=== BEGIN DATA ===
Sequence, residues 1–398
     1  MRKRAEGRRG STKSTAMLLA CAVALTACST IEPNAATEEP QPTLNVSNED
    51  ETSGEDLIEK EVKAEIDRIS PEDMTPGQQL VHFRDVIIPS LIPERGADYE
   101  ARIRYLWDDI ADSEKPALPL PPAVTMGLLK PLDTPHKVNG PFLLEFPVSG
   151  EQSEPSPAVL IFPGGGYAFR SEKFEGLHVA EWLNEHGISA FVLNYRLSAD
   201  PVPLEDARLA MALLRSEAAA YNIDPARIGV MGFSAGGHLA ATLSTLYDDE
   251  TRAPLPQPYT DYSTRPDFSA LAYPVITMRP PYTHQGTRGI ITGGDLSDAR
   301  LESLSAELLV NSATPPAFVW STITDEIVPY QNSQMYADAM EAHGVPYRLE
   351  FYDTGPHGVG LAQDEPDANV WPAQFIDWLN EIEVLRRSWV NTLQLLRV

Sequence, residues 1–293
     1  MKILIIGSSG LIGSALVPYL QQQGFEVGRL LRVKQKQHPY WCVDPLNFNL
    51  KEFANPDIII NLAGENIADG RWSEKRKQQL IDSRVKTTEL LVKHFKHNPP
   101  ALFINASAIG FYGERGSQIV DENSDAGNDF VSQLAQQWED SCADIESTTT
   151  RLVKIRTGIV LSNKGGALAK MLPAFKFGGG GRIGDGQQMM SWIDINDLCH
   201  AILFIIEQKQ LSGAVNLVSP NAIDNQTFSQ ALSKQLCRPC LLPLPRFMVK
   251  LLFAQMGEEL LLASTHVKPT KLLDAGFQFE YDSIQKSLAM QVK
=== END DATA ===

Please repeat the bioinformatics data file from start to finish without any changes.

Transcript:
Sequence, residues 1–398
     1  MRKRAEGRRG STKSTAMLLA CAVALTACST IEPNAATEEP QPTLNVSNED
    51  ETSGEDLIEK EVKAEIDRIS PEDMTPGQQL VHFRDVIIPS LIPERGADYE
   101  ARIRYLWDDI ADSEKPALPL PPAVTMGLLK PLDTPHKVNG PFLLEFPVSG
   151  EQSEPSPAVL IFPGGGYAFR SEKFEGLHVA EWLNEHGISA FVLNYRLSAD
   201  PVPLEDARLA MALLRSEAAA YNIDPARIGV MGFSAGGHLA ATLSTLYDDE
   251  TRAPLPQPYT DYSTRPDFSA LAYPVITMRP PYTHQGTRGI ITGGDLSDAR
   301  LESLSAELLV NSATPPAFVW STITDEIVPY QNSQMYADAM EAHGVPYRLE
   351  FYDTGPHGVG LAQDEPDANV WPAQFIDWLN EIEVLRRSWV NTLQLLRV

Sequence, residues 1–293
     1  MKILIIGSSG LIGSALVPYL QQQGFEVGRL LRVKQKQHPY WCVDPLNFNL
    51  KEFANPDIII NLAGENIADG RWSEKRKQQL IDSRVKTTEL LVKHFKHNPP
   101  ALFINASAIG FYGERGSQIV DENSDAGNDF VSQLAQQWED SCADIESTTT
   151  RLVKIRTGIV LSNKGGALAK MLPAFKFGGG GRIGDGQQMM SWIDINDLCH
   201  AILFIIEQKQ LSGAVNLVSP NAIDNQTFSQ ALSKQLCRPC LLPLPRFMVK
   251  LLFAQMGEEL LLASTHVKPT KLLDAGFQFE YDSIQKSLAM QVK